In this PhD thesis, chapter 1 narrates the extant literature showing that firms expand through the organic growth strategy, others through the acquisition strategy, and some by a combination of these two modes. It also reveals that firms sometimes switch from one dominant growth mode to the other, but we have limited insight on why top managers switch modes and how these strategic switch processes unfold. After showing that extant literature is silent about these gaps, chapter 2 reveals that behavioral theory of the firm (BTOF) stand a chance to offer plausible explanations but rather through a newly emergent stream instead of the dominant performance feedback. Chapter 3 adopts qualitative, interpretative grounded theory permitting us to tap into the lived experiences of top managers and annual reports to form the basis of emerging theory. While the context of the study is discussed in chapter 4, case-by-case and cross-case data analyses are explored in 5 and 6, respectively. Lastly, chapter 7 offers three theoretical contributions a) performance anxiety as a major driver leading top managers to switch strategies, from one growth mode to another b) explaining this through forward-looking logic (performance prospects) of BTOF, instead of backwardlooking logic (performance feedback), and c) exposing the three phases that bring to bear the situational, action-formation and transformational mechanisms at work, and in doing so reveal the unfolding processes taking place during the formation of a specific switch mode.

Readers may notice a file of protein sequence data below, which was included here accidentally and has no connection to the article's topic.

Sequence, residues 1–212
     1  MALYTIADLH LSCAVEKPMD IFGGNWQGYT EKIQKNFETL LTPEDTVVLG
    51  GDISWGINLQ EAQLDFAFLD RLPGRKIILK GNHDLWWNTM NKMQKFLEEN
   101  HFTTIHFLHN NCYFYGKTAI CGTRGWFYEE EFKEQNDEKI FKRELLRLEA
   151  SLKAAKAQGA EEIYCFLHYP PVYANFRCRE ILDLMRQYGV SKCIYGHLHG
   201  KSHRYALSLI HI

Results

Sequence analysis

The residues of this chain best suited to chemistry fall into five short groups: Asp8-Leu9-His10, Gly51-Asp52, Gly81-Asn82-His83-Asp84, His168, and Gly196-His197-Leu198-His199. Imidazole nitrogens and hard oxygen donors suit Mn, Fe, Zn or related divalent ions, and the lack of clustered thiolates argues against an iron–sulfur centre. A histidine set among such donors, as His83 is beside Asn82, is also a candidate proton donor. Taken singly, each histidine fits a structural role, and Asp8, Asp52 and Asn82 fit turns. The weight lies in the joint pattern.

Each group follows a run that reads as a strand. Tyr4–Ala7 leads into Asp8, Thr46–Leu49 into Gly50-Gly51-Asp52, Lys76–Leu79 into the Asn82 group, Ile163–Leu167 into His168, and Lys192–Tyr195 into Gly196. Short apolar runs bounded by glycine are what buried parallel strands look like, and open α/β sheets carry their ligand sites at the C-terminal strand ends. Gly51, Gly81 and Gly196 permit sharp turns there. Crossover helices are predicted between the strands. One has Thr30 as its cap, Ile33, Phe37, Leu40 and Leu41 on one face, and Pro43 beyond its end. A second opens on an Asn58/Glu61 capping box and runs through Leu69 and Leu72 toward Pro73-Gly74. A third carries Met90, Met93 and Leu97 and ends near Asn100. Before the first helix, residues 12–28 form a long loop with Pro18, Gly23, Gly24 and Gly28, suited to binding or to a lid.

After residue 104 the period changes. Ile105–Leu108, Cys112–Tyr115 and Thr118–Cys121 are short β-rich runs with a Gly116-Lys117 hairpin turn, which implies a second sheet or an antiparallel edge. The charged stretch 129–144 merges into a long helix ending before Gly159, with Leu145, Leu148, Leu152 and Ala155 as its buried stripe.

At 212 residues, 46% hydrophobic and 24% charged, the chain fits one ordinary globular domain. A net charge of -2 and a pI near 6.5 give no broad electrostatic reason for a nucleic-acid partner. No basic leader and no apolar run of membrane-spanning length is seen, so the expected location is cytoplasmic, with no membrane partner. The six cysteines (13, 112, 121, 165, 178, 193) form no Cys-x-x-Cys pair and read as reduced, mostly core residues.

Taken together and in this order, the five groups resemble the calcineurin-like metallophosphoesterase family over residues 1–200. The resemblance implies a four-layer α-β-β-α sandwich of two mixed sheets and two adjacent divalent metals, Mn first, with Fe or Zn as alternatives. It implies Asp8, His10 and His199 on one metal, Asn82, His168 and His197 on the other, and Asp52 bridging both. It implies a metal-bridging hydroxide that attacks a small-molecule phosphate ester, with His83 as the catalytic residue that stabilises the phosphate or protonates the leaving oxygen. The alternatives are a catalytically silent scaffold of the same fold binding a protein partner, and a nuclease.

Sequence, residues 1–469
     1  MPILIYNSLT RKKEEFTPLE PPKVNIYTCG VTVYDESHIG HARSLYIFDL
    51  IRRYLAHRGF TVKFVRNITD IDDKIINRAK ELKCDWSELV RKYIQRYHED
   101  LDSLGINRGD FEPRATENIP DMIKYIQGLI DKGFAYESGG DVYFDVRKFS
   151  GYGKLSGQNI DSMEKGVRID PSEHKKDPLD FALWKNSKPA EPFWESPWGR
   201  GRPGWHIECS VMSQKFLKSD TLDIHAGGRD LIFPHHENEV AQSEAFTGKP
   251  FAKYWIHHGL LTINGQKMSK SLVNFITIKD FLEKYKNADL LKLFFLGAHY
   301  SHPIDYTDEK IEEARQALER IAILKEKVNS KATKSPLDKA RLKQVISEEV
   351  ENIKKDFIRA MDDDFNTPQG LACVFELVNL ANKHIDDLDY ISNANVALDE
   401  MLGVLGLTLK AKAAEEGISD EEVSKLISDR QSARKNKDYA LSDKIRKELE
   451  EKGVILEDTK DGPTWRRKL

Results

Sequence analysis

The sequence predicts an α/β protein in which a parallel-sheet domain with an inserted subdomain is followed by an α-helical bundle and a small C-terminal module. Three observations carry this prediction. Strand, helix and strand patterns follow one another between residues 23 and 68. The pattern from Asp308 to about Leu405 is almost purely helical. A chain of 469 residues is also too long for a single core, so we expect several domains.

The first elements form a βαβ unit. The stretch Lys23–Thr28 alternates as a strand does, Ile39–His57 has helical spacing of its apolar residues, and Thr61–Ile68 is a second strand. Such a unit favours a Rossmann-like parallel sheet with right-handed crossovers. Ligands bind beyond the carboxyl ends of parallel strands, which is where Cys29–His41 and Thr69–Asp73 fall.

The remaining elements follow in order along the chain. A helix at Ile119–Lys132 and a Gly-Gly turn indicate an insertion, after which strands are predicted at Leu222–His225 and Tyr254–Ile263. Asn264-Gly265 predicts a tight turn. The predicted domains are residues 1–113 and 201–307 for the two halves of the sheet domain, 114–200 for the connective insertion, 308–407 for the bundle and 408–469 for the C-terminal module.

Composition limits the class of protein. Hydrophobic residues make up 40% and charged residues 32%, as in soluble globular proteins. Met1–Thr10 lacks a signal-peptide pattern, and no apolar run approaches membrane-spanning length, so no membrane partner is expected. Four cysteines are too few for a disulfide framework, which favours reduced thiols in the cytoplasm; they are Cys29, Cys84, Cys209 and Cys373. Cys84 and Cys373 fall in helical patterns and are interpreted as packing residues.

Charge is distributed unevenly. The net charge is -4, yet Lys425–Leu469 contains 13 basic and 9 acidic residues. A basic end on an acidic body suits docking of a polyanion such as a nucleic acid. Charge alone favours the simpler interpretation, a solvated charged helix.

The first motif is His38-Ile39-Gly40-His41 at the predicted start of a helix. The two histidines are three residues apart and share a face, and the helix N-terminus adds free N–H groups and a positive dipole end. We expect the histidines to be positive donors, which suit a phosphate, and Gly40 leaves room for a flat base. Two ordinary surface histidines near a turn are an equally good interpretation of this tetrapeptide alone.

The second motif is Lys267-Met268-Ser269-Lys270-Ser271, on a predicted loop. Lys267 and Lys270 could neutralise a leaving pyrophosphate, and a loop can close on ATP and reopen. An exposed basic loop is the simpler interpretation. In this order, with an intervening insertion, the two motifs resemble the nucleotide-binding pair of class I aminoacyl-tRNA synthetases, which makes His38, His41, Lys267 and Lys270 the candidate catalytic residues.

|Qualification||Doctor of Philosophy|
|Award date||15 Dec 2021|
|Place of Publication||Tilburg|
|Print ISBNs||978 90 5668 672 7|
|Publication status||Published - 2021|